New Paths for Healing: SSW Alumna Brave Heart Draws Delegation from ME

When social worker Esther Attean began working with fellow members of Maine’s Wabanaki communities in the late 1990s, she discovered they lacked a framework for talking about the losses Native Americans have sustained over generations in her state.

“The effects of trauma—feelings of grief, stress, anger and anxiety—were all passed down,” said Attean, who co-directs Maine-Wabanaki REACH, a cross-cultural collaborative that is working to develop better child welfare practices with Native American families. “But a lot of our trauma is still unresolved because it hasn’t been acknowledged.”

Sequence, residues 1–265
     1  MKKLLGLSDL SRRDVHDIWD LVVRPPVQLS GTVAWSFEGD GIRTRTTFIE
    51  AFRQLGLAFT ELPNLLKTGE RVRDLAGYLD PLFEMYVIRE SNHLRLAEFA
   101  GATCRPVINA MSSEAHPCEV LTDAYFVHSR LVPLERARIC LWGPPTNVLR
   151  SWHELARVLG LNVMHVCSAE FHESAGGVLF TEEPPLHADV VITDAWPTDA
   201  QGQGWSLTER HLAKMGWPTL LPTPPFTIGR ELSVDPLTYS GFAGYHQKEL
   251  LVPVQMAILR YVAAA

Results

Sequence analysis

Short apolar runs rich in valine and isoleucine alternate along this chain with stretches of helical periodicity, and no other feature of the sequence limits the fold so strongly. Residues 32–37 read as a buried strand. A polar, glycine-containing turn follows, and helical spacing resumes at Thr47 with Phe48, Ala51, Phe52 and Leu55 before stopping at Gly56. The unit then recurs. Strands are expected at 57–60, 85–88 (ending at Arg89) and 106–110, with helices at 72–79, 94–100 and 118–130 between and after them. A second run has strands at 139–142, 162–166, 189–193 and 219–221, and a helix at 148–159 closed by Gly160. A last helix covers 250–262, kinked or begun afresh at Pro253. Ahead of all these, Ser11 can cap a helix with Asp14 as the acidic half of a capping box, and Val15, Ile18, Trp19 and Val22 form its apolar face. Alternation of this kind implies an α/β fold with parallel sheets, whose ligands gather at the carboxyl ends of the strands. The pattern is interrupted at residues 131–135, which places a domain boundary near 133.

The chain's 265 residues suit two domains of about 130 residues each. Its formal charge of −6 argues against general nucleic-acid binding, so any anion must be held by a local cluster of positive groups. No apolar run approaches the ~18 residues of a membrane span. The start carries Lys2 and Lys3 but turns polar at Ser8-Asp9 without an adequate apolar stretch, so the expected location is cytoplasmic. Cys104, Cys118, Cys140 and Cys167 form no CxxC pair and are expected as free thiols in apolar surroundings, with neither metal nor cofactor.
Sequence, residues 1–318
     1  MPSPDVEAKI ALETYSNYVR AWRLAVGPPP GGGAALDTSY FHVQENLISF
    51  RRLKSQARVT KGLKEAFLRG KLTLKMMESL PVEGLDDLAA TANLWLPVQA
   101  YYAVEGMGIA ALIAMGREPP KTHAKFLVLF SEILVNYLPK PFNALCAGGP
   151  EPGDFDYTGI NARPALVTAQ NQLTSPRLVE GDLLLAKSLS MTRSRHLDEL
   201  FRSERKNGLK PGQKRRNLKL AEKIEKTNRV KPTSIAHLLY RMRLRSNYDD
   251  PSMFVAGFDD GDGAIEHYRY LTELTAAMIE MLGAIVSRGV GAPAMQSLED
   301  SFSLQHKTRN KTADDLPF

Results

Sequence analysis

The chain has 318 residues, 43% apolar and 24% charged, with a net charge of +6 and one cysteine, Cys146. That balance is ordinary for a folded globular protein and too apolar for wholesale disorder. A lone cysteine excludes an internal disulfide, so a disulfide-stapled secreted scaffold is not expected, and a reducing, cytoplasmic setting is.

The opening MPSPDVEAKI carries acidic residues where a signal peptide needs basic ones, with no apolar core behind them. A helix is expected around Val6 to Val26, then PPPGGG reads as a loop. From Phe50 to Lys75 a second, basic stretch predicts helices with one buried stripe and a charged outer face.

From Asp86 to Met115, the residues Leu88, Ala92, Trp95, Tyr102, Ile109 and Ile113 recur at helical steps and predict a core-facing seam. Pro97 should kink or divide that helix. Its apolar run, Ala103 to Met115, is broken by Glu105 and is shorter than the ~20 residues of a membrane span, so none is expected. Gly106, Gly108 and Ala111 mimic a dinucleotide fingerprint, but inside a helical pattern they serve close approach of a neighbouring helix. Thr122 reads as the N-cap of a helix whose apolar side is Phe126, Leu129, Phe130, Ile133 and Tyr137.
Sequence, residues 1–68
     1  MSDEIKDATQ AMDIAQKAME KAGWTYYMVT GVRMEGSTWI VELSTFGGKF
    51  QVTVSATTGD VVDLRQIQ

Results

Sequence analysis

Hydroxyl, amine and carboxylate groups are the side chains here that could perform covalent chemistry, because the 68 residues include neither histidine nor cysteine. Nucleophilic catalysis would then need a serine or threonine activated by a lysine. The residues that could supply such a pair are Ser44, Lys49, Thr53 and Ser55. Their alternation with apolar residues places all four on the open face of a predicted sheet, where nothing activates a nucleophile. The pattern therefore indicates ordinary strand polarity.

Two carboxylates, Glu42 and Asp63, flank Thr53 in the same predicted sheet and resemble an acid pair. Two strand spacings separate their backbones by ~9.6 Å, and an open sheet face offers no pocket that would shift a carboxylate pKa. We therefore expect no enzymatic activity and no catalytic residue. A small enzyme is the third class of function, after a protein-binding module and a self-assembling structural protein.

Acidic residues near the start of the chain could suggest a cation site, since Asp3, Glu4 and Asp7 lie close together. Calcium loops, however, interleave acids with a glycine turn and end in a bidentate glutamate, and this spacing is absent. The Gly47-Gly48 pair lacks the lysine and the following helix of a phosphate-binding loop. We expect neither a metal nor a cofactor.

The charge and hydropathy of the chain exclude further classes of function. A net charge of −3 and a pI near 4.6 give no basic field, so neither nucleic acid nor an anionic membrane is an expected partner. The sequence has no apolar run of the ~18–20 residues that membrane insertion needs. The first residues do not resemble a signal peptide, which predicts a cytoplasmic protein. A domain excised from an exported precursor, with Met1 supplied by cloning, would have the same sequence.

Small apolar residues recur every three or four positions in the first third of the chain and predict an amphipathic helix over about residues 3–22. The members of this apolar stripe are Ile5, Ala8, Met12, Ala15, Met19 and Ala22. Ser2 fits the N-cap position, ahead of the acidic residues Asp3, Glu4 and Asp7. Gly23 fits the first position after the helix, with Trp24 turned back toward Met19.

Attean and her colleagues at REACH (short for Reconciliation, Engagement, Advocacy, Change, Healing) then learned about the work of Maria Yellow Horse Brave Heart, who earned a Ph.D. from the Smith College School for Social Work in 1995 and who will be speaking at Smith on Monday, July 27.

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richholschuh

The world is a big place. This is how it appears to me. Your results may differ.

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